BEVERLY — The difference between beer and root beer has always been obvious. That was before a pair of alcoholic root beers swept into the Chicago market.
Not Your Father's Root Beer landed on store shelves in November and sold out fast. Chicago-based Small Town Brewery has a contract to make 12-ounce bottles of its malt beverage in LaCrosse, Wis.
Sprecher Hard Root Beer is a product of Milwaukee-based Sprecher Brewing Co. The microbrewery also has a line of sodas, including a traditional root beer that inspired its "malternative."
Town/Armanetti Liquors received its first shipment of Not Your Father's Root Beer just before Christmas through its Budweiser distributor, said Rob Berkery, manager of the store at 10000 S. Western Ave. in Beverly.
"We had an allotment of it in the beginning of December, and it went pretty quickly," he said.
Since selling out, Berkery's received frequent calls about the availability of Not Your Father's Root Beer. He said he was surprised to receive a small shipment on Thursday.
A six-pack of 12-ounce bottles of Not Your Father's Root Beer at Town/Armanetti Liquors costs $10.99. And it's rather potent at 5.9 percent alcohol by volume. A typical Budweiser is 5 percent alcohol by volume.
"I give these young kids credit. They want variety," Berkery said.
Pat Brophy, beer buyer for Binny's Beverage Depot, said he's also seen strong demand for Not Your Father's Root Beer at his company's 31 Chicagon area stores.
"We definitely run out and had to limit it [Not Your Father's Root Beer] when it first came out. Limits varied by store, but were anywhere from one six-pack to a case per person. Whenever we have highly allocated and in-demand products like this, we try to spread the love," Brophy said.
"The bartenders, they had the root beer and told us about it," Brenn said.
Cork & Kerry charges $5 per bottle for the specialty beverage, which boasts a more moderate 5 percent alcohol by volume. That's the same price the bar charges for a microbrew from Lagunitas Brewery.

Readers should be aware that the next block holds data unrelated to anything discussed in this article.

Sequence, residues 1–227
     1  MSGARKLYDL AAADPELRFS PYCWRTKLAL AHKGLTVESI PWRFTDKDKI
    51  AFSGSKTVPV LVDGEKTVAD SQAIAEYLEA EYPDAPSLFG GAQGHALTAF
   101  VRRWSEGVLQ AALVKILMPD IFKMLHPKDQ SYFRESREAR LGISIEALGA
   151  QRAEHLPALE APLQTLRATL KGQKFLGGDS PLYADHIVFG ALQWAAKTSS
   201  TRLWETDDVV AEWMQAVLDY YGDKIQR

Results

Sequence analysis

Both Sprecher Hard Root Beer and Not Your Father's Root Beer taste similar — like root beer soda. But the sweetness coupled with the alcohol keeps consumers from slurping up the products as quickly as they might a traditional root beer.
In fact, Sprecher Hard Root Beer is an offshoot of its root beer soda. The company, founded in 1985 by former Pabst Brewing Co. supervisor Randal Sprecher, also makes cream soda and cherry cola, along with a variety of microbrewed beers.
Sprecher Hard Root Beer is aged in oak bourbon barrels. It's made in a limited batches and was introduced in March of 2013.
Sprecher Brewing Co. isn't afraid to dabble with other recipes as well. Beer-flavored potato chips and root beer-flavored popcorn are among the products available through its online store.
Not Your Father's Root Beer offers its alcoholic beverage year-round, according to the company's website.
The alcoholic root beer first began popping up in the Chicago market in early 2013. It was initially available only on tap at select bars and restaurants in northern Illinois. Small batches of 22-ounce bottles also were produced.
The 12-once bottles that began showing up on store shelves in November are tame by comparison to the draft and bomber versions made in Small Town Brewery's facility in Wauconda in the northwest suburbs. These seasonal varieties of Not Your Father's Root Beer boast 10.7 percent and 19.5 percent alcohol by volume.
The high-alcohol varieties of Not Your Father's Root Beer remain available on tap at select taverns, according to the company's online locator.
"As much as everyone talks about how we're in the golden age of craft beer, we're also seeing tremendous growth in the sweetened, flavored, soda pop-y, beer segment. Things like shandys, hard root beers and hard ginger beers have been on fire for the past couple of years," said Brophy, who speaks for all Binny's Beverage Depot locations, including the five stores in within the city.
He said that Not Your Father's Root Beer typically lasts about a week before it sells out. However, he expects a more steady supply as Small Town Brewery gets on its feet and can better anticipate the market.
"There's always been demand for alcohol that doesn't taste like alcohol, whether that's something like flavored vodka or Mike's Hard Lemonade," he said. "As ubiquitous as craft beer has become, and as popular as bourbons and other whiskies have become, we need to remember that the majority of drinkers are still drinking light beer and vodka. Beers that don't taste 'beer-y' are what a lot of those drinkers go to."
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